Talk:IBM Generalized Markup Language

From Wikipedia, the free encyclopedia
Jump to: navigation, search
WikiProject Computing / Software  
WikiProject icon This article is within the scope of WikiProject Computing, a collaborative effort to improve the coverage of computers, computing, and information technology on Wikipedia. If you would like to participate, please visit the project page, where you can join the discussion and see a list of open tasks.
 ???  This article has not yet received a rating on the project's quality scale.
 ???  This article has not yet received a rating on the project's importance scale.
Taskforce icon
This article is supported by WikiProject Software.
 

HTML and XML aren't really applications of SGML. HTML started life as it's own format which happened to use pointy brackets. SGML was retrofitted to HTML - later standardised versions had an SGML DTD associated to them. However I suspect a minute percentage of HTML pages at any point in time were ever valid and compatible with an SGML parser.

Saying XML is an application of SGML is completely wrong. XML has its roots in SGML, but it is not an application of it.

SGML is a system for creating application specific data formats - each of these uses is an 'application'. Ditto XML is a system for creating application specific data formats, and has it's applications.

XML was created to be "SGML for the web". It introduced backward incompatible changes - DTDs were optional, introduced the empty tag syntax, it supported Unicode etc. At the point of its creation, XML was not a subset of SGML - some well formed or even valid XML files were not compatible with SGML. This is not a flaw, XML set out to be a different standard.

Later on, the SGML standard was extended so that XML files could be considered a subset of SGML documents, but that is a recent development in the history of SGML. —Preceding unsigned comment added by 83.70.240.232 (talkcontribs) 12 October 2005

one of two[edit]

GML preceded and was one of the two sources that were used as the basis for the industry-developed Standard Generalized Markup Language (SGML)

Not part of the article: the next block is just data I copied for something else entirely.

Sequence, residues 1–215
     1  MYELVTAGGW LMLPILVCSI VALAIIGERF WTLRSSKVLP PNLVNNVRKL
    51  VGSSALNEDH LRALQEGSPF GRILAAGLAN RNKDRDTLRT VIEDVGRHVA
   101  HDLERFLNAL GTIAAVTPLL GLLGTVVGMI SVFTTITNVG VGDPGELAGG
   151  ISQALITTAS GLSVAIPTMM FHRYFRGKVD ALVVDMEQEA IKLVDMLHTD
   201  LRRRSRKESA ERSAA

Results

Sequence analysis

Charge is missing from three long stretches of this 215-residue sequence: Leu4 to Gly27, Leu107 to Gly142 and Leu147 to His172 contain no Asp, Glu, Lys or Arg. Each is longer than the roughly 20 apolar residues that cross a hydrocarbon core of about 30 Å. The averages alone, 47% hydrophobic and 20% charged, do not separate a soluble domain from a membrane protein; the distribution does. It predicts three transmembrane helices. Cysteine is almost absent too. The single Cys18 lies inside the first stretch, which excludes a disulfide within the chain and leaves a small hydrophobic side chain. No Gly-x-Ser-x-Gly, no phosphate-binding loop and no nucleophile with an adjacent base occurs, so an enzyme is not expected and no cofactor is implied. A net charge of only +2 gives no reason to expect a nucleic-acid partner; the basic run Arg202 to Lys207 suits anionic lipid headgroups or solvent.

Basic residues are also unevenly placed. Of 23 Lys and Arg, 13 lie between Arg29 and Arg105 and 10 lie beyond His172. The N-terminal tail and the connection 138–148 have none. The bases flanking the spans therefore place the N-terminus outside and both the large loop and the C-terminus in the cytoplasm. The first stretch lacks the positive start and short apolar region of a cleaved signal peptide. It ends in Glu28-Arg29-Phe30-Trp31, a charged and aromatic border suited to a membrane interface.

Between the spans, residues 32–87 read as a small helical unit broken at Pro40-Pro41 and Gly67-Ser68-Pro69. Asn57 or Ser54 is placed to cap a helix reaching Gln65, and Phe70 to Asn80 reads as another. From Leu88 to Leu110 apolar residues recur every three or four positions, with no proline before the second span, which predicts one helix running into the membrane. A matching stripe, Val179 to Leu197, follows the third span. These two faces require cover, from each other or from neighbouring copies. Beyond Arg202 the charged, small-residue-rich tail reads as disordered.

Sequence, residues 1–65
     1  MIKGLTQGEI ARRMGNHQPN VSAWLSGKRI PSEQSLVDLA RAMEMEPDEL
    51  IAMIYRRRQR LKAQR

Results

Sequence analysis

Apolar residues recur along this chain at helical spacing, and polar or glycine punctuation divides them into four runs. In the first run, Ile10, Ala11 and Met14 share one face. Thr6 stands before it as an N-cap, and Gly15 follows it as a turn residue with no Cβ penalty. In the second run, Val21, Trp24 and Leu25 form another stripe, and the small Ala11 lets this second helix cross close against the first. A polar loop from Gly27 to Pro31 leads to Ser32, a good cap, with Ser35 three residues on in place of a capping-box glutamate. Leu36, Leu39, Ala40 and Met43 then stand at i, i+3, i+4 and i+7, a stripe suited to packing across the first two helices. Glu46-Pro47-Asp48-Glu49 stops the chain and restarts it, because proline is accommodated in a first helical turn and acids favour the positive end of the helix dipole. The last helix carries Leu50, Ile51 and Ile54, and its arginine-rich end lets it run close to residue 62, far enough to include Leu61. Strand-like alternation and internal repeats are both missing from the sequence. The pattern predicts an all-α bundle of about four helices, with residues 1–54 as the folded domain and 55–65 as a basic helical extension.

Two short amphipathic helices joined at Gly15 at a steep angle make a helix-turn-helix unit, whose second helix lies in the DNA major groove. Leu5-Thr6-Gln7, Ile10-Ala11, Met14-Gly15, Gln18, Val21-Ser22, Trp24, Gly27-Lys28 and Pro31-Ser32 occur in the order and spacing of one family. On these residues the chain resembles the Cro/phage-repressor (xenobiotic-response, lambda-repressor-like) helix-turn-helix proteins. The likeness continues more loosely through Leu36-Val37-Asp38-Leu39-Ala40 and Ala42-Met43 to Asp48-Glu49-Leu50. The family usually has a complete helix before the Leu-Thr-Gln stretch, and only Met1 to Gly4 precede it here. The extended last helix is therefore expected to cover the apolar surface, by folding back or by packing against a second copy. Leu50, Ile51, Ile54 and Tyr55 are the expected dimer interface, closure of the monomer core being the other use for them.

There's a statement that GML was "one of two" influences on SGML, but you don't list the other one; I think you mean the whole RUNOFF inspired line of markup. —Preceding unsigned comment added by 71.156.15.166 (talkcontribs) 22 June 2006

I too would like to know what the other one is. I dont think it can be RUNOFF, as it doesnt appear to be a metalanguage. Jayvdb 07:45, 27 September 2006 (UTC)


re: example and influence on HTML[edit]

The example given shows GML in its default, out-of-the-box configuration. At our installation circa 1986 (and I'm pretty sure this was common) we replaced the start and end delimiters with < and > to give markup that looked like this:

   <h1>Chapter 1:  Introduction
   <p>GML supported hierarchical containers, such as
   <ol>
   <li>Ordered lists (like this one),
   <li>Unordered lists, and
   <li>Definition lists
   <eol>
   as well as simple structures.
   <p>Markup minimization (later generalized and formalized in SGML),
   allowed the end-tags to be omitted for the "h1" and "p" elements.

which starts to look a lot more like a direct influence on HTML. GML also had the table tag, the a tag with xref, etc. 91.125.101.51 (talk) 09:29, 30 November 2007 (UTC)

Yes, many of the original HTML tags were taken directly from the GML starter set (which, of course, was in use at CERN at the time). A particularly good 'example' is the <xmp> tag, which is taken directly from the GML :xmp. tag name – which is spelled without the leading 'e' because the 'e' is reserved to indicate end-tags in the GML default syntax. mfc 20:28, 30 November 2007 (UTC)

Copyright problem removed[edit]

Prior content in this article duplicated one or more previously published sources. The material was copied from: http://whatis.techtarget.com/definition/0,,sid9_gci213985,00.html (2004 archive: http://web.archive.org/web/20041231085200/http://whatis.techtarget.com/definition/0,,sid9_gci213985,00.html). Infringing material has been rewritten or removed and must not be restored, unless it is duly released under a compatible license. (For more information, please see "using copyrighted works from others" if you are not the copyright holder of this material, or "donating copyrighted materials" if you are.) For legal reasons, we cannot accept copyrighted text or images borrowed from other web sites or published material; such additions will be deleted. Contributors may use copyrighted publications as a source of information, but not as a source of sentences or phrases. Accordingly, the material may be rewritten, but only if it does not infringe on the copyright of the original or plagiarize from that source. Please see our guideline on non-free text for how to properly implement limited quotations of copyrighted text. Wikipedia takes copyright violations very seriously, and persistent violators will be blocked from editing. While we appreciate contributions, we must require all contributors to understand and comply with these policies. Thank you. NortyNort (Holla) 07:42, 4 June 2011 (UTC)